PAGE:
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Daniela Dogliani

Daniela Dogliani

Daniela Dogliani Interview

Daniela Dogliani

Children's Illustrator

Who or what made you want to become an illustrator?

I've always been drawn to storytelling, nothing hooks me more than an image telling a good story. No matter if it's an amazing piece of art or just a doodle scribbled talking at the phone: if there's a story in it, I'm in! I remember in primary school, watching pictures of primitive paintings, I was so fascinated by how our ancestors depicted their lives, their need to tell their stories through images. I totally relate!

Did you attend art school or undertake any other formal artistic training?

I graduated from Torino’s Fine Arts Academy with a Bachelor Fine Arts degree and a MSc in Visual Communication. Studied art, illustration and animation, design, painting, costuming and filming, and more creative fields.

Was creativity part of your childhood?

Yes and no. I didn't grow into a creative environment, yet I've been so lucky to grow free and able to pursue imagination. I owe to my parents never to question my thirst and curiosity: I used to made up stories and worlds, to play roles, create fancy costumes and spend hours drawing and retelling my favourite stories. They have always welcomed my unconventional attitude and I've felt free to experiment.

Have you always loved to draw?

As far as I can remember, yes.

Who or what have been some of your major artistic influences?

I'm an 80's child, and this explains much of my creative world. My universe is made by VHS, books and comics, Sundays at the Cinema and cartoons tv broadcast. All fuelled by living in Italy, immersed into incredible art, and years studying art history.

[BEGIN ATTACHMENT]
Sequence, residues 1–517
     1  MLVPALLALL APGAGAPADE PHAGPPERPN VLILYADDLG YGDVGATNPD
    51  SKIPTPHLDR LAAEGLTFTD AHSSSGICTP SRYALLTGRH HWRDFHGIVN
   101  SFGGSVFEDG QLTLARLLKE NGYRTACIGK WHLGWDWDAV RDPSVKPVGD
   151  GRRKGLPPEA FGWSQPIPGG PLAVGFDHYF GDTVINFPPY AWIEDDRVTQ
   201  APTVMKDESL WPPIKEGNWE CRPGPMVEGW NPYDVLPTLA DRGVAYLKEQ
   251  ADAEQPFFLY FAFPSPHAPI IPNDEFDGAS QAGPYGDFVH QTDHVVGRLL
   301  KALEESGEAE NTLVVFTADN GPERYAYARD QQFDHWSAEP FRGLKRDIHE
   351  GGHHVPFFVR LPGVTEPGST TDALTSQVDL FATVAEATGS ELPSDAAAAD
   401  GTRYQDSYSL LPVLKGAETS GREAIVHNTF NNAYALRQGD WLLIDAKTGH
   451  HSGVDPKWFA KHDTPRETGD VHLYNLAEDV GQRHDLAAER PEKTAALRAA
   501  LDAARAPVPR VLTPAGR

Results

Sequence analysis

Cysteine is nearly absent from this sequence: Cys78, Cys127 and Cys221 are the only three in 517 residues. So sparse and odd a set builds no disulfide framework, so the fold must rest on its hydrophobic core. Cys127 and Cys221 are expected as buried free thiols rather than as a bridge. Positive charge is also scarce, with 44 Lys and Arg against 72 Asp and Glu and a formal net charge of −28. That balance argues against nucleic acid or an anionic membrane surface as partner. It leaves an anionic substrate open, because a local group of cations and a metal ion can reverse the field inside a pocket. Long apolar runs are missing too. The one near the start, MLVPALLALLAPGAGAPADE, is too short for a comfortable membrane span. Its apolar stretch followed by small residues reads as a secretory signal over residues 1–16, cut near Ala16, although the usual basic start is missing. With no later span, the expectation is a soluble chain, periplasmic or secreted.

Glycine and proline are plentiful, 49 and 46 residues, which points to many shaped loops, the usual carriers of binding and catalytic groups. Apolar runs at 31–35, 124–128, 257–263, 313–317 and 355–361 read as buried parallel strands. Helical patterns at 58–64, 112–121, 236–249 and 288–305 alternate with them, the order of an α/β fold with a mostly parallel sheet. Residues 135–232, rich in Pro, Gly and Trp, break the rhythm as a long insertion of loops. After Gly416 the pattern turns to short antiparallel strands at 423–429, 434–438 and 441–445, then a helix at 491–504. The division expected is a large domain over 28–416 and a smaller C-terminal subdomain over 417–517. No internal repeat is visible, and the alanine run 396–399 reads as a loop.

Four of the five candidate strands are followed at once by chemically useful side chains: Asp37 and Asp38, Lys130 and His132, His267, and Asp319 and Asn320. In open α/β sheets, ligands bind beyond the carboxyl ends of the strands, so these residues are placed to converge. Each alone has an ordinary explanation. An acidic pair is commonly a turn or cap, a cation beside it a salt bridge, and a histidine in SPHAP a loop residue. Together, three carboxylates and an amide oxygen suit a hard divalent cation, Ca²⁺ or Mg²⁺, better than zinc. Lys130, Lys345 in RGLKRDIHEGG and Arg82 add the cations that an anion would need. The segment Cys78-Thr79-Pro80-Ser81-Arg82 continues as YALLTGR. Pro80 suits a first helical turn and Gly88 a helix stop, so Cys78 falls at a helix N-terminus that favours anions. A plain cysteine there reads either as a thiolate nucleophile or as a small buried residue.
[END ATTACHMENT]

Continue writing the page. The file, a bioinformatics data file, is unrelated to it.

Which books from your own childhood really stand out?

I loved Richard Scarry and his characters, my favourite being Zigo Zago (Lowly Worm) because it was fun and dressed like a Tyrolese. Also, growing up I discovered Roald Dahl universe and got lost into it. But there's one book I still cherish, it's an Italian book from a series: "Geo e Gea nella Preistoria" (Geo and Gea into Prehistory written/illustrated by Federico e Francesca Santin) where two kids travel in time and witness dinosaurs age. What fascinated me - aside from all those amazing dinosaurs' facts - was the combination of scientific illustration with the two stylised characters.

What was your first commission as a professional illustrator?

I was working as designer, with some freelance illustrator side-jobs, when I decided to pursue an illustration career. I did a lot of spec, tests and been pitched for jobs I didn't get, until an Italian magazine trusted me to illustrate their stories, back in 2011, and we are still working together! More, in 2018 they also trusted my author/illustrator skills, and I currently write and illustrate short stories for them, which I'm very grateful to do!

Describe your working technique and how you came to perfect it.

I start with pencil and paper, or actually whatever is on hand and paper. And draw a very rough thumbnail, usually more than one: this is a very rough stage where I put down thoughts and ideas. Then I scan the thumbnail and do some proper sketch, to present to the client. When working for a book I also do some characters and background research too, this stage is messy yet highly creative to me. Once all is settled starts the coloring and finishing.

Though working digitally I do paint my illustrations: picking brushes, papers, textures and colours, mixing effects and tools, just like I would on paper. I love colour pencils, pastels and markers and I'm constantly studying to make my digital art feel as true as possible.

Do you keep a sketch book?

No. I own many beautiful sketchbooks, all of them sport a couple of happy sketches among blank pages and frustrated scrowls. All are fat with pinned paper, glued memos, post-it, sketches made beside shopping lists, train tickets... I thought it was fear of the blank page at first, now I realize I simply feel caged in a sketchbook so I started filling folders instead.